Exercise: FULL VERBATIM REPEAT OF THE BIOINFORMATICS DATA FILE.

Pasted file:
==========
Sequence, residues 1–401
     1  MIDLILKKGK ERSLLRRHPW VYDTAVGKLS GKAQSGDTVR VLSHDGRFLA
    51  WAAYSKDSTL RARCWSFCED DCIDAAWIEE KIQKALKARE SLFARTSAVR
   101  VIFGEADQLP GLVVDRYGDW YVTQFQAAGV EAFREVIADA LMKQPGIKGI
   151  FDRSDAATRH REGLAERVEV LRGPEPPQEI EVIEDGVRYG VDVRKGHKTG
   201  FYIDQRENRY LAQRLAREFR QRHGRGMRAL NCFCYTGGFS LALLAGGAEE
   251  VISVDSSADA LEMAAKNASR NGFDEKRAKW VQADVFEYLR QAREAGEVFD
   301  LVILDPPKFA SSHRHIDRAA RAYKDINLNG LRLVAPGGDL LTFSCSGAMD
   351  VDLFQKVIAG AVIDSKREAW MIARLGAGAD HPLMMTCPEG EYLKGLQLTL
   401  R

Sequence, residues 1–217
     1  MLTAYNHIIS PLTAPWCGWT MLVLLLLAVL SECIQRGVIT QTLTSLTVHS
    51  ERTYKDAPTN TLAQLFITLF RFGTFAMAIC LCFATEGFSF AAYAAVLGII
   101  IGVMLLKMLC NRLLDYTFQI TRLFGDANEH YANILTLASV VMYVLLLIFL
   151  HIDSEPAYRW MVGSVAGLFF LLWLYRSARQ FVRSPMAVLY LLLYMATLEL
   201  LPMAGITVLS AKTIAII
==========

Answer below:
Sequence, residues 1–401
     1  MIDLILKKGK ERSLLRRHPW VYDTAVGKLS GKAQSGDTVR VLSHDGRFLA
    51  WAAYSKDSTL RARCWSFCED DCIDAAWIEE KIQKALKARE SLFARTSAVR
   101  VIFGEADQLP GLVVDRYGDW YVTQFQAAGV EAFREVIADA LMKQPGIKGI
   151  FDRSDAATRH REGLAERVEV LRGPEPPQEI EVIEDGVRYG VDVRKGHKTG
   201  FYIDQRENRY LAQRLAREFR QRHGRGMRAL NCFCYTGGFS LALLAGGAEE
   251  VISVDSSADA LEMAAKNASR NGFDEKRAKW VQADVFEYLR QAREAGEVFD
   301  LVILDPPKFA SSHRHIDRAA RAYKDINLNG LRLVAPGGDL LTFSCSGAMD
   351  VDLFQKVIAG AVIDSKREAW MIARLGAGAD HPLMMTCPEG EYLKGLQLTL
   401  R

Sequence, residues 1–217
     1  MLTAYNHIIS PLTAPWCGWT MLVLLLLAVL SECIQRGVIT QTLTSLTVHS
    51  ERTYKDAPTN TLAQLFITLF RFGTFAMAIC LCFATEGFSF AAYAAVLGII
   101  IGVMLLKMLC NRLLDYTFQI TRLFGDANEH YANILTLASV VMYVLLLIFL
   151  HIDSEPAYRW MVGSVAGLFF LLWLYRSARQ FVRSPMAVLY LLLYMATLEL
   201  LPMAGITVLS AKTIAII